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Kern County Water Agency’s efforts to provide drinking water

“The project has a number of benefits."
Water faucet
Posted at 4:30 PM, Mar 22, 2022
and last updated 2022-03-22 21:23:17-04

BAKERSFIELD, Calif. (KERO) — The Department of Water Resources announced its second phase of funding through the Urban and Multi-Benefit Drought Relief Grant Program.

The program looks to provide financial assistance to various projects throughout the state. This is to help tackle drought impacts on human health and safety and support public benefits, such as ecosystem improvements.

The Urban and Multi-Benefit Drought Relief Grant Program is just one of the many ways the department of water resources is addressing drought impacts.

On Monday, the Kern County Water Agency received $3.5 million to help stabilize the costs of providing a high-quality drinking water supply for our community.

“It is $3.5 million that the agency was notified it had received through a grant from the Department of Resources. The project that will be constructed with that money is the cross-valley canal extensions lining project pool number eight,” said David Beard.

David Beard, with the Kern County Water Agency, said that the project consists of installing approximately 5,300 feet of fiber reinforced concrete on an existing canal.

“The project has a number of benefits including reducing seepage, increasing delivery reliability by reducing the potential for a canal breach. It also helps to reduce maintenance efforts from the existing earthen canal.”

Beard said that the canal is so important because it is used to deliver surface water to the Henry C. Garnett Water Purification Plant, which is where treatment takes place for the delivery of water in Kern County.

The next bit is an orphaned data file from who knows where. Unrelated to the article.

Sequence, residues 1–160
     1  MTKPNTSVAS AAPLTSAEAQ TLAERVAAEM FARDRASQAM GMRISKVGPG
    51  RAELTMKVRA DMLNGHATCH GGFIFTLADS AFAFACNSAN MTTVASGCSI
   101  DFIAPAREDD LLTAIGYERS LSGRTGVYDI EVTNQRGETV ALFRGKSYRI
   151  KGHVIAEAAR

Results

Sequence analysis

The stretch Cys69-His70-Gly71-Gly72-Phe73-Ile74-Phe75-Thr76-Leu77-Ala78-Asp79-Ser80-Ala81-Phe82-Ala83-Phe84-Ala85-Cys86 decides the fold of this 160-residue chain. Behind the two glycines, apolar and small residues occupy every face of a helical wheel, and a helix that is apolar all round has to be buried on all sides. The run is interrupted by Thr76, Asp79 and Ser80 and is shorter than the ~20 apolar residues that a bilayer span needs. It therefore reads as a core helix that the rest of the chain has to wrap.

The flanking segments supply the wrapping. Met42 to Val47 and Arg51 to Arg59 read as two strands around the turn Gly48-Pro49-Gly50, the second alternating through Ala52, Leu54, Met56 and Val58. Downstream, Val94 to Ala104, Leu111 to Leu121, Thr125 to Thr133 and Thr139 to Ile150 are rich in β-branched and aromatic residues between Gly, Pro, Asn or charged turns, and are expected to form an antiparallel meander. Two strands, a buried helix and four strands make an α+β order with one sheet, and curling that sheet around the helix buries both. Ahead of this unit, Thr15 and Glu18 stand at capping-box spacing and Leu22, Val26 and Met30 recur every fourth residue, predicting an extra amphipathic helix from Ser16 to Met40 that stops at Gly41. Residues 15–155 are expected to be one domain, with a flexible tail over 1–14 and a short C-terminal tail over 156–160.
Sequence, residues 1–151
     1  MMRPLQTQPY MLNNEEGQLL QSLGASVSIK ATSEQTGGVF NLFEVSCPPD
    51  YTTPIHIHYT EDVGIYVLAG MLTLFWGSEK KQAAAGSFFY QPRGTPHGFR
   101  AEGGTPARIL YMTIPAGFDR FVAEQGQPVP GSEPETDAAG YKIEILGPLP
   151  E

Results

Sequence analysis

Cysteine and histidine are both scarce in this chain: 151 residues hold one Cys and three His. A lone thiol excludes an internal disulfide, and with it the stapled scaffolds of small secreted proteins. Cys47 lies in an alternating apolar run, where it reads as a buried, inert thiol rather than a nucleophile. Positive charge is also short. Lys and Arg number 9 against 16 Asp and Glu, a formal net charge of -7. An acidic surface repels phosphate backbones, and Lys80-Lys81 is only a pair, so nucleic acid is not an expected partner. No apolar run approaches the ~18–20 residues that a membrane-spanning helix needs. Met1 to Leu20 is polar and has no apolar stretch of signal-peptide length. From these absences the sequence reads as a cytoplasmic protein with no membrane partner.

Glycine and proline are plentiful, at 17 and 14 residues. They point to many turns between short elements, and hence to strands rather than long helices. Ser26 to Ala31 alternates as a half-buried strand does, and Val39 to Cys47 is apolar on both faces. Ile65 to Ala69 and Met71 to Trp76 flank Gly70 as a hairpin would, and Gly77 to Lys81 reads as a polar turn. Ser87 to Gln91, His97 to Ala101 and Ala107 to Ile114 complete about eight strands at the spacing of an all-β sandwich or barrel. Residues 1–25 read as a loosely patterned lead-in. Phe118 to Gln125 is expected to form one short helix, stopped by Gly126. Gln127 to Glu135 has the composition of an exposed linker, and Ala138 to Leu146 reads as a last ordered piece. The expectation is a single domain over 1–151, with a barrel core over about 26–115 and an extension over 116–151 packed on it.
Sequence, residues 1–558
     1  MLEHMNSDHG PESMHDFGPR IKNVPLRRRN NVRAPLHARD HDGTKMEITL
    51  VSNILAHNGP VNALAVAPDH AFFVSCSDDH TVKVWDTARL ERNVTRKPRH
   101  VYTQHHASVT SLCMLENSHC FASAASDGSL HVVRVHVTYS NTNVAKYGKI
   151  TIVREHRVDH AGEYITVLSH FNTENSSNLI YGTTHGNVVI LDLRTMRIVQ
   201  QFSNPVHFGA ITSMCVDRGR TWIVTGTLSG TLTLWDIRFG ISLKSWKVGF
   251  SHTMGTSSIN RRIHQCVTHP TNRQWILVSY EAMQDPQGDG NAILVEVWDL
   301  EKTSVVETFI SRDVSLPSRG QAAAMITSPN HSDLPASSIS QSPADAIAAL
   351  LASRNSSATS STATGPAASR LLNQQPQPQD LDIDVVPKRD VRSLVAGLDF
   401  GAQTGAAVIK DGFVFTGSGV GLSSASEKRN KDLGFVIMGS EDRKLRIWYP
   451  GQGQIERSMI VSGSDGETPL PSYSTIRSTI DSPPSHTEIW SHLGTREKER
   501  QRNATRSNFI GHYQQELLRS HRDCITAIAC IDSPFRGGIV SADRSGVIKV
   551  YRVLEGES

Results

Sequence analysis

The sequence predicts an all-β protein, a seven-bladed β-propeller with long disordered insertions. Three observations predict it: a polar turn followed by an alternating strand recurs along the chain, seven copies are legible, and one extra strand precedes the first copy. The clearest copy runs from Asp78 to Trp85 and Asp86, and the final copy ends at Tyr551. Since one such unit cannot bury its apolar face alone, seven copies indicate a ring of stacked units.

He added that while seepage reduction is in the works, it’s also helpful during the drought.

“Seepage is actually beneficial to recharge the underlying aquifer but in dry years, like the years that we’ve been experiencing most recently, reducing seepage is important to stretch available water supplies.”

While these projects are in the works, Beard said that the community should continue to do its part with water conservation efforts at home such as fixing faucet leaks and using dishwashers when they are fully loaded.

“You want to stretch your available supplies as far as you can. Also continue supportive projects designed to either improve water efficiency or improve reliability of important supplies to Kern County is extremely important in the future.”

The KCWA’s Drought Relief Project is designed and ready to go. Beard said that they expect the project to kick off in late 2022 or early 2023.